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Old 05-27-07, 11:30 PM   #1
whitehare
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Is there any way to look up

whatspecs mean? For example:Wheelset- Alex ACE18 alloy double-wall/eyeletted rims,700c,36H, Ritchey Road Comp hubs, Double butted 14-15g stainles steel spokes.

Whats the difference between 32H & 36H?
Double butted vs single? etc,etc,etc

TIA
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Old 05-27-07, 11:36 PM   #2
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32h = 32 holes in the rim = 32 spokes
36h = 36 holes in the rim = 36 spokes
700c is the size of the wheel.
Butted spokes get smaller in the center to save weight.
Eyeletted rims have a small eyelet around the hole, they are said to be a little stronger.

Hope that helps
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Old 05-28-07, 01:13 AM   #3
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Obviously, the more spokes you have, the stronger the wheel will be... assuming the spoke tension is correct. If you're overweight or just a heavy dude, I'd recommend 36 spokes. The "typical" bike has 32 in the back at least. A radial laced wheel will typically have 28.
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Old 05-28-07, 02:37 AM   #4
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Quote:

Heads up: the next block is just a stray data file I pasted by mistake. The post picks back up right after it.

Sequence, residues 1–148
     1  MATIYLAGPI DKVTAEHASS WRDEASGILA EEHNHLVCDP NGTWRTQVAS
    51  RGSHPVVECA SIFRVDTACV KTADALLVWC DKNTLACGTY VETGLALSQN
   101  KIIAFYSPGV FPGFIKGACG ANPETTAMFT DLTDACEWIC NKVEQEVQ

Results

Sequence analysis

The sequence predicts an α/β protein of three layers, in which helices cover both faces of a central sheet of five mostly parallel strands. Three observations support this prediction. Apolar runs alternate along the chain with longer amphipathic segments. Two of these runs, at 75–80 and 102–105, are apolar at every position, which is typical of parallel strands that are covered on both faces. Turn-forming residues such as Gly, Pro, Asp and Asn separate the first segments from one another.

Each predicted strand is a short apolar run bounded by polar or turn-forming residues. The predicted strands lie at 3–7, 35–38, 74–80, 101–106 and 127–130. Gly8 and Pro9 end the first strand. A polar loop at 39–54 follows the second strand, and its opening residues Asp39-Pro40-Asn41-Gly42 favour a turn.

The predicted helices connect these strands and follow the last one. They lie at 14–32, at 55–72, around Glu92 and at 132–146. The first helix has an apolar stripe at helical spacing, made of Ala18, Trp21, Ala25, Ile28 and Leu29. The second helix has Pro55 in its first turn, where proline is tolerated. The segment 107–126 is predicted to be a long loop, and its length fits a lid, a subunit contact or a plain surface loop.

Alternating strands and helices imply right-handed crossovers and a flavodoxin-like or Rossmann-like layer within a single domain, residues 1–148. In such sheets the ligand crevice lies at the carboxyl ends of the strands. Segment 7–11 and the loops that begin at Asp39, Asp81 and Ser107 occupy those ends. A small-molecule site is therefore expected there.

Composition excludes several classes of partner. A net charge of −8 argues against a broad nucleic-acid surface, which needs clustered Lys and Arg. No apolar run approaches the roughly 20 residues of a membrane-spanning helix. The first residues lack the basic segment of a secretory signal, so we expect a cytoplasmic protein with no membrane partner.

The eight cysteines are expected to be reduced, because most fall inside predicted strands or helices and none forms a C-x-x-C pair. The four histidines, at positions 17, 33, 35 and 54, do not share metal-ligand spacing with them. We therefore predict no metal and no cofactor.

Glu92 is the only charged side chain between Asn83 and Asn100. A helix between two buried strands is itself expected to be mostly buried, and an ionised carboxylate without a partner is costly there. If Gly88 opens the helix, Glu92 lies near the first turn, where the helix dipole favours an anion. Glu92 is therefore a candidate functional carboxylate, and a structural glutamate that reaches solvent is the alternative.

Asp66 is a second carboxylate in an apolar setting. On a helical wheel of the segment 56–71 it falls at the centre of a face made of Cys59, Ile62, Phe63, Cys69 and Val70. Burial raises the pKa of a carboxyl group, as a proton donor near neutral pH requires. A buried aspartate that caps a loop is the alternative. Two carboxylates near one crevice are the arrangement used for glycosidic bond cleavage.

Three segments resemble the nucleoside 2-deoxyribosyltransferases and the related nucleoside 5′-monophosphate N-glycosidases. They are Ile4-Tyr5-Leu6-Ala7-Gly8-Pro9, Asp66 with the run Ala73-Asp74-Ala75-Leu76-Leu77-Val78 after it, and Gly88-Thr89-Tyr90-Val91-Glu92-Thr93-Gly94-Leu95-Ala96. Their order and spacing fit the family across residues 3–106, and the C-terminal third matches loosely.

Originally Posted by Tapeworm21
Obviously, the more spokes you have, the stronger the wheel will be... assuming the spoke tension is correct. If you're overweight or just a heavy dude, I'd recommend 36 spokes. The "typical" bike has 32 in the back at least. A radial laced wheel will typically have 28.
Every one assumes that a 32 spoke wheel or less if you have them , will be lighter. It will be but how much does a spoke weigh? The difference between a 32 and a 36 spoke wheel is negligible. When you start going to less spokes then you Have thicker spokes, so weight loss for less spokes is minimal again.
Exception comes about when you start looking at quality wheels and they are made with less spokes but lighter rims and lighter hubs contibute to the weight loss aswell. You do also have a problem in that although that quality wheel will be strong- break one spoke out of the 16 fitted and you have an unridable wheel till it is fixed. Lose one spoke on a 36 and although it may go out of true- you can still get home on the thing.
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